Armenia's membership in EEU will further undermine regional security
By Amanda Paul
October 15, 2014
Despite many Armenians hoping that it would not happen, it came as no real surprise that Armenia's president, Serzh Sarksyan, signed the agreement to join the Eurasian Economic Union (EEU) last Friday at the Commonwealth of Independent States (CIS) summit in Minsk. Hence as of Jan. 1, 2015, three will become four as Armenia joins Russia, Belarus and Kazakhstan.
As I have written before, like many analysts, I do not consider this membership to be beneficial to Armenia for at least five reasons: First, membership in the EEU will further erode Armenia's independence and sovereignty. Second, it will further consolidate Russia's hold over the Armenian economy and the oligarchic networks that control it. Third, unlike the agreements offered by the EU, which were abandoned in September 2013, it will not act as a roadmap for reform and modernization. This means that the current corrupt and monopolized system will continue. Fourth, it limits the sort of economic relationship that Armenia can have with the EU, meaning that diversification will be even more difficult than it was previously. And finally, it will further undermine Armenia's security and increase regional tensions not least because it still remains unclear how this is going to affect the breakaway region of Nagorno-Karabakh. There is concern that the agreement will have very negative consequences for Karabakh's economy as it depends on Armenia, which is its only export market.
This has been a very sensitive issue for other members of the EEU, Kazakhstan and Belarus. Nagorno-Karabakh is an internationally recognized part of Azerbaijan, and Minsk and Astana want to avoid any negative ramifications on their relations with Azerbaijan, underlining that membership in the EEU must be within UN-recognized borders. While there has been some discussion over a border post between Karabakh and Armenia, nothing is confirmed. Furthermore, one could hardly say this would represent watertight control. Hence, there remains a very high risk of goods from Karabakh being relabeled and exported. There can be no doubt this situation seems set to increase tensions with Azerbaijan.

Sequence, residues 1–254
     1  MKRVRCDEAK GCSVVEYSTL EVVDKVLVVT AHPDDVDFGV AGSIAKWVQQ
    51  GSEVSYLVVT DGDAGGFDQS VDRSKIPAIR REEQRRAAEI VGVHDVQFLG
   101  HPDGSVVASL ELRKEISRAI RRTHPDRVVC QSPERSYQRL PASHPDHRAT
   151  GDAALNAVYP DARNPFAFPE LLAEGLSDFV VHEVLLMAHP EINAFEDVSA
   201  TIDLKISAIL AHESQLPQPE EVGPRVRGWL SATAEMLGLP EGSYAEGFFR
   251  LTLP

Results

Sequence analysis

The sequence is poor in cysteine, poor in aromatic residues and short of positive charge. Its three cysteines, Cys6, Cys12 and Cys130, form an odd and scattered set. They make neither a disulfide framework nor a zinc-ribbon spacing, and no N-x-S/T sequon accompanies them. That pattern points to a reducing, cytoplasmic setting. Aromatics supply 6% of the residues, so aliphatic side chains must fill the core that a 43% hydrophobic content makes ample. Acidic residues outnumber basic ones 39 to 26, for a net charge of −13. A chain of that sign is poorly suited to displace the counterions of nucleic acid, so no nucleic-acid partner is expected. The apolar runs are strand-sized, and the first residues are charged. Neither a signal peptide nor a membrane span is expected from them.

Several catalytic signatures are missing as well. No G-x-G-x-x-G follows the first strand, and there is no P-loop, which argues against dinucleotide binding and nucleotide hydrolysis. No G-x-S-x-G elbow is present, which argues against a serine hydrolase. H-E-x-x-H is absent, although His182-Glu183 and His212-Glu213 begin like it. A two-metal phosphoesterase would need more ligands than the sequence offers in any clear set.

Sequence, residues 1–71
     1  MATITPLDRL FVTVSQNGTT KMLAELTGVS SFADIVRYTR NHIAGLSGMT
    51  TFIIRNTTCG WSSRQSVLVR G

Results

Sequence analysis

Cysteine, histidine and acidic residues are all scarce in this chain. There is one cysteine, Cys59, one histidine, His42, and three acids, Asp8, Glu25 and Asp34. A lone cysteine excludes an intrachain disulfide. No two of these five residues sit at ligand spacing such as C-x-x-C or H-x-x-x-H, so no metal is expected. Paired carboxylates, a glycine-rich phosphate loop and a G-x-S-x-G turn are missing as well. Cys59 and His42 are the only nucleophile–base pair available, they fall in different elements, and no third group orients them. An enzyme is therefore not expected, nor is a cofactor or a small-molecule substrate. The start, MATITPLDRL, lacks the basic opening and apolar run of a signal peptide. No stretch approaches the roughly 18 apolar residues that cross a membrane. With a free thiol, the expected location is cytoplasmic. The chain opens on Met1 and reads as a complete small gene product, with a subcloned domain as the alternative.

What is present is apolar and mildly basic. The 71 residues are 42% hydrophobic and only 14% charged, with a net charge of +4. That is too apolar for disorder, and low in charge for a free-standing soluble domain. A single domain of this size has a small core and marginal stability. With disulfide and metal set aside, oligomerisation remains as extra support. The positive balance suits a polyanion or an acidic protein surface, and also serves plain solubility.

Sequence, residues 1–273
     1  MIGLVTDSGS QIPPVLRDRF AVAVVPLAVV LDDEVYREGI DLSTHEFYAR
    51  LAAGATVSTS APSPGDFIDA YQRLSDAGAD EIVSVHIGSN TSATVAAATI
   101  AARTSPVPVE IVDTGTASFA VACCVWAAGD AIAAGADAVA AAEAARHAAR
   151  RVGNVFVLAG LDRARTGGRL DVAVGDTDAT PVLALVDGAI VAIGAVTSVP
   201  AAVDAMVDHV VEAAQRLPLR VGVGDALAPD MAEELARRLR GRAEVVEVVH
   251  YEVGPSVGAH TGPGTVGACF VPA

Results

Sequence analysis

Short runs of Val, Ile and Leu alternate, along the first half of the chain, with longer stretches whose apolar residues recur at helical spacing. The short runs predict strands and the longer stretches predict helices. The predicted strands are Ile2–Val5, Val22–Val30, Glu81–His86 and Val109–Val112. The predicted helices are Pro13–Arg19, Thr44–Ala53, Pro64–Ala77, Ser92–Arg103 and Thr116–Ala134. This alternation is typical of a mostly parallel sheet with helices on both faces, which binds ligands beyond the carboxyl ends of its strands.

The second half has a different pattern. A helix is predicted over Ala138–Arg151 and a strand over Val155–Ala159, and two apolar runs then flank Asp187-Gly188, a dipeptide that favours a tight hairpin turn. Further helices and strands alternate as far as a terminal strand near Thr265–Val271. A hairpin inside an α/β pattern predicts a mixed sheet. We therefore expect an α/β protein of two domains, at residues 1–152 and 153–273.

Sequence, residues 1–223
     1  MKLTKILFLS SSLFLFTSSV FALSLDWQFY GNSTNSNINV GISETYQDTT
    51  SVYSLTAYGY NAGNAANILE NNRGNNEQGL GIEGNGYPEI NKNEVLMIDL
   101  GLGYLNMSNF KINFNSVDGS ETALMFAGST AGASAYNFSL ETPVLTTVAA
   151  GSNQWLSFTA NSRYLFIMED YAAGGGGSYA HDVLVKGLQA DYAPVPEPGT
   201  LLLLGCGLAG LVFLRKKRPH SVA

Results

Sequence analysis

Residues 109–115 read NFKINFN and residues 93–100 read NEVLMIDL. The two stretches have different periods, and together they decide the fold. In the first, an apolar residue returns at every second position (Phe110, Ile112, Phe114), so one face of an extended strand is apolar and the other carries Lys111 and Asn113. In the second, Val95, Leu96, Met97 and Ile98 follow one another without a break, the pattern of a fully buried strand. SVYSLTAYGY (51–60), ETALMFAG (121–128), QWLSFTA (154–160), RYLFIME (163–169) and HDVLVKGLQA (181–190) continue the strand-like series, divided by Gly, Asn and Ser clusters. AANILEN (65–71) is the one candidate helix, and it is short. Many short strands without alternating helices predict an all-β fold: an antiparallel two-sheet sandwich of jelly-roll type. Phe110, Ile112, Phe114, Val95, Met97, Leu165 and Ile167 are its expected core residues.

Armenians are also right to be concerned about the further erosion of their sovereignty. However, while Sarksyan may have been the one to sign on the dotted line this time, he is certainly not alone in taking decisions that erode Armenia's independence. In fact, one way or another, all of Armenia's presidents have made decisions that have allowed Moscow to nibble away at the country's sovereignty. It was Armenia's first president, Ter Petrossian, who cut the deal with Moscow to allow the Russian military a base in Armenia and Russian troops on the Turkey-Armenian border to “protect” the country from Turkey. He was followed by Robert Kocharyan, who sold off key infrastructure to Russia related to energy, transport and communications networks. And then came Sarksyan, who has not only brought Armenia into the EEU, but also extended the Russian military base lease at Gyumri for a further 50 years as well as allowing Russia to share its Erebuni airport.
Armenians believe that Russia will take care of their security and that Russia is essential to them in their conflict with Azerbaijan over Nagorno-Karabakh. During the Minsk meeting, Putin announced that a military exercise at Gyumri a few days later with some 3,000 soldiers and numerous pieces of military hardware including Mig fighter jets and tanks. Russia claims that its military bases shore up peace and security in the region. To me it seems the opposite is true as these military bases are used by Russia to project power and create instability, further undermining the already-fragile security situation in the South Caucasus
Furthermore, despite the fact that Russia claims to be Armenia's security guarantor and close ally, at the same time Moscow continues to sell arms and sign military deals with Azerbaijan. Russian Defense Minister Gen. Sergei Shoigu paid a visit to Baku on Oct. 13, and it is reported that a Cooperation Plan for 2015 was signed between the ministries of defense of the two countries. Nagorno-Karabakh is used by Russia to divide and rule, to play Armenia and Azerbaijan off each other and, along with South Ossetia and Abkhazia in Georgia, guarantee Russia's ongoing stake in the region. Armenia's membership in the EEU serves to consolidate this stake.